In my introductory college course on cosmology, the professor was an actual astrophysicist. When we began covering the universal constants, I couldn’t shake this idea that light couldn’t be a constant. The physics definition of acceleration is the rate of change of velocity per unit of time. And shortly before I took this class there were research teams running packets of photons through filters which resulted in “slowing down light.” Some had evidence they could speed it up, though their findings were in question. Directional change too can be considered a form of acceleration. Without debate light does these. Why not increases or oscillations in rate of light speed?
The professor scoffed at my naivety. I leveraged the fact that before Plank time there must’ve been very different physics, and that there are massive bodies like black holes so great that light doesn’t escape them. Doesn’t this solidify the notion that light speed HAS to change? He rebutted, “no; because the resting mass of a photon is zero.” Every observable finding I brought up which bolstered the concept that at some point somewhere in our universe light must change speed, he always responded the same way: the resting mass of a photon is zero.
When I pressed the expert on his response, his underlying reason was vexing. I said, “how do we without question know this to be true, especially when the great hope is to find a subatomic particle that can explain the mass problem which plagues most models?” His answer, “without a photon’s resting mass as zero, the math for special relativity won’t work.” Why isn’t special relativity up for revision? It has had observable confirmation. Why can’t one of the underlying ideas in special relativity be wrong while as a model it gets things right? Crickets.
Thus it is in weight loss. We relinquish the fundamental empiricism of science in order to “stick to our guns” on a once-sensible theory. That is, when people are confronted with the bald reality that they are doing things the wrong way, instead of viewing this through the lens of cold empiricism, the general response is “I don’t get it; this SHOULD work.” "It shouldn't be that bad for me." "I should be skinny." "I should be losing weight with how much running I do/how little I eat/how hard I work." Empiricism has NO PLACE for "should."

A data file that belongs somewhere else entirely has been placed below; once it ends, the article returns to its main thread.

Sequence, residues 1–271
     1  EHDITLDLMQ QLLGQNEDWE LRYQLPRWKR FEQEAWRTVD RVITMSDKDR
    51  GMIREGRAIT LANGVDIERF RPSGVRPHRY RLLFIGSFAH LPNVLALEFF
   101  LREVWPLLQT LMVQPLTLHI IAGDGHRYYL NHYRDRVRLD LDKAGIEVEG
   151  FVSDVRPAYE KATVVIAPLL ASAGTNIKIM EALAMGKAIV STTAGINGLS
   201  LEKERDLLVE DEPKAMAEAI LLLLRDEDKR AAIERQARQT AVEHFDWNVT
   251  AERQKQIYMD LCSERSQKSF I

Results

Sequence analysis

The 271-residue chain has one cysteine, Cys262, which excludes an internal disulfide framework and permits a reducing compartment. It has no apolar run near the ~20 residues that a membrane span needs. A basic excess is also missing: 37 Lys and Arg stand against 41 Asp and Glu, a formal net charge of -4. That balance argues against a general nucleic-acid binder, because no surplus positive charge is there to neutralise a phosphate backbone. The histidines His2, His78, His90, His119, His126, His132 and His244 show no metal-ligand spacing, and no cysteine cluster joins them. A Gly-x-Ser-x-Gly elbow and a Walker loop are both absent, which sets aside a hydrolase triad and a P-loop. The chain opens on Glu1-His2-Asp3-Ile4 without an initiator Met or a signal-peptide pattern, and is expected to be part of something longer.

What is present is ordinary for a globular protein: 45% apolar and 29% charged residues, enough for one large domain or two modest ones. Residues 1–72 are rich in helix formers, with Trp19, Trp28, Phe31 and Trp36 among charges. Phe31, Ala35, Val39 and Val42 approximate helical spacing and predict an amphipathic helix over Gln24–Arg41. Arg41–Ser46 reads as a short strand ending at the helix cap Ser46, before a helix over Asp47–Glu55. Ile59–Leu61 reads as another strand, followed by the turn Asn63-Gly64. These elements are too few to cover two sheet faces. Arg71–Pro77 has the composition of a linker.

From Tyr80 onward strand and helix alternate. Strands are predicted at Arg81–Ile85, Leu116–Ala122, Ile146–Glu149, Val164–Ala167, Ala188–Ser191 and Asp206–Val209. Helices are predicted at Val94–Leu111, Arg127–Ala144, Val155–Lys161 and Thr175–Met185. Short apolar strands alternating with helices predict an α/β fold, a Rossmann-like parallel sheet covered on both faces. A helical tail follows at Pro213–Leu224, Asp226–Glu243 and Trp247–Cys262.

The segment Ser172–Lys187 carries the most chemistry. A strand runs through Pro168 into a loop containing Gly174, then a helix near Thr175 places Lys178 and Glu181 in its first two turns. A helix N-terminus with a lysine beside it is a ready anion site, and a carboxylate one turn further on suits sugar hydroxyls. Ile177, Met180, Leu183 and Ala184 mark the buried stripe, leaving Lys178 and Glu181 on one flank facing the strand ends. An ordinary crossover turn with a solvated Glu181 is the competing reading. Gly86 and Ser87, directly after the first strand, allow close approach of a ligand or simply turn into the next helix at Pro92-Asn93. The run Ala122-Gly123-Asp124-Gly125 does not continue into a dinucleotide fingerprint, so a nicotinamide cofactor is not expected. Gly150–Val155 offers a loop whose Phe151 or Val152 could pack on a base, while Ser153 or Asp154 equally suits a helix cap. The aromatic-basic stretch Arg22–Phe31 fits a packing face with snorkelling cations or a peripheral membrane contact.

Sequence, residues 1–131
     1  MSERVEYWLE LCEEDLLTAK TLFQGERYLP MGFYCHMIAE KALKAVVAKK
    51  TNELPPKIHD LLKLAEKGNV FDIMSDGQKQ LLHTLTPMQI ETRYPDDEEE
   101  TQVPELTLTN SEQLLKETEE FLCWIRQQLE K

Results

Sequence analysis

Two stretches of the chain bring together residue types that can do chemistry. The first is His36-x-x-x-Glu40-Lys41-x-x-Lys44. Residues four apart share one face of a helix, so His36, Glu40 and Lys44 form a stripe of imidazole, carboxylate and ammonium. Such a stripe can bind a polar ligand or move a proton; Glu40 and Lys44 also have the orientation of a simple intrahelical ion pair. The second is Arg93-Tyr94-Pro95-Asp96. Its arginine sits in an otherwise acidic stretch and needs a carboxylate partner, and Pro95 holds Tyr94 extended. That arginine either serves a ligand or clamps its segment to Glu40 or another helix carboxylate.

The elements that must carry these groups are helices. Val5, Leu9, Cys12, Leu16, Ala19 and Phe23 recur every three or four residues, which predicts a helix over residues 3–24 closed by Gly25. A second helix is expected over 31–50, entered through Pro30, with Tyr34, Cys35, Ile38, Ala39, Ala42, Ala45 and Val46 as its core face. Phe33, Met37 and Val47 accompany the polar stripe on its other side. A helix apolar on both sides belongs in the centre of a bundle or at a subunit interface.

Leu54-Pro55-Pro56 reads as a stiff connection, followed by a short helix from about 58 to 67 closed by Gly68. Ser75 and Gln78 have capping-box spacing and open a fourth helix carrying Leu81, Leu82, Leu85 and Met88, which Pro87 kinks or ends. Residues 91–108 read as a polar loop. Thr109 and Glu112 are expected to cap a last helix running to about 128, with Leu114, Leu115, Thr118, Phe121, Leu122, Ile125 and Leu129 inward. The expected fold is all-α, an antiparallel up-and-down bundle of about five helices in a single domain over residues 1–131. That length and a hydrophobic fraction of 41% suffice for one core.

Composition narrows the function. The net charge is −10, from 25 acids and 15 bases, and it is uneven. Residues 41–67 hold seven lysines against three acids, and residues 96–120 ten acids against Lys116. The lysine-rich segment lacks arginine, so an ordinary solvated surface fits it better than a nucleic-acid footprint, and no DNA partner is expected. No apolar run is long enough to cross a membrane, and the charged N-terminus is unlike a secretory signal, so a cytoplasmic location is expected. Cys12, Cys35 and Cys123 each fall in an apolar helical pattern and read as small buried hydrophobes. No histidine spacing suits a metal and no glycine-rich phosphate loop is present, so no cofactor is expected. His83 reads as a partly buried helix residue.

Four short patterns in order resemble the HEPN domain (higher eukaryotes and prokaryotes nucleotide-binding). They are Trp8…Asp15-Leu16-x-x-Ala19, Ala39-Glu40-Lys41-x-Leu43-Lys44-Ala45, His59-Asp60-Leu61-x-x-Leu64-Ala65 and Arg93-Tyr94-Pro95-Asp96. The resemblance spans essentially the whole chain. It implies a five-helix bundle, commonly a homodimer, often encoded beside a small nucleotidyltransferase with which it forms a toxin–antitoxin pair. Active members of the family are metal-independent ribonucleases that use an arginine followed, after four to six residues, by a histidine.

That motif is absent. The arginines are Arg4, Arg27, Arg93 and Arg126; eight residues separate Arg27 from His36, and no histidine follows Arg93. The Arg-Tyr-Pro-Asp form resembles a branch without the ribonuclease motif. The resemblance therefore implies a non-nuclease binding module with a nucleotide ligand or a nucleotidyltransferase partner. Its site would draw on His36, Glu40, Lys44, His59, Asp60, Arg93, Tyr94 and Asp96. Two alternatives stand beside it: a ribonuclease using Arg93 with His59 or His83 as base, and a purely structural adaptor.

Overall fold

Oh, and by the way, likewise in physics we’ve still got not unifying theory. So, something somewhere is amiss. It’s simple really: consider being wrong. Consider revising your approach. Breakthrough can come from break down. That is the most fundamental constituent of science. And refusal to consider any other possibility isn’t just non-science, it’s nonsense.
I haven’t written off any nutritional tactic, because at once I can both question its authority AND see its practical application for different people. If you are unwilling to consider even the experiment to “try something else,” then you are always left with the same problems, the same disjointed beliefs, the same non-unified physics.
Calorie counting is like this. It CAN work, but generally doesn’t because of underlying things it gets wrong. That doesn’t mean that a calorie isn’t a calorie isn’t a calorie and so on. It means that the contribution to body composition change in APPLIED science has more going on than the description of calories.
People unwilling to address stress generally don’t make progress on the calorie model. People unwilling to experiment with other eating styles, clinging to the truth of “the calorie model”, tend to make no progress. This doesn’t invalidate the theoretical usefulness of a calorie in human biology. It just means the empirical feedback is telling us there’s MORE to the story.
Weight loss, just like any scientific discovery, hinges upon our willingness to consider something wrong and something new. Rejecting the proposition leaves us every single time with the same old. That’s fundamental.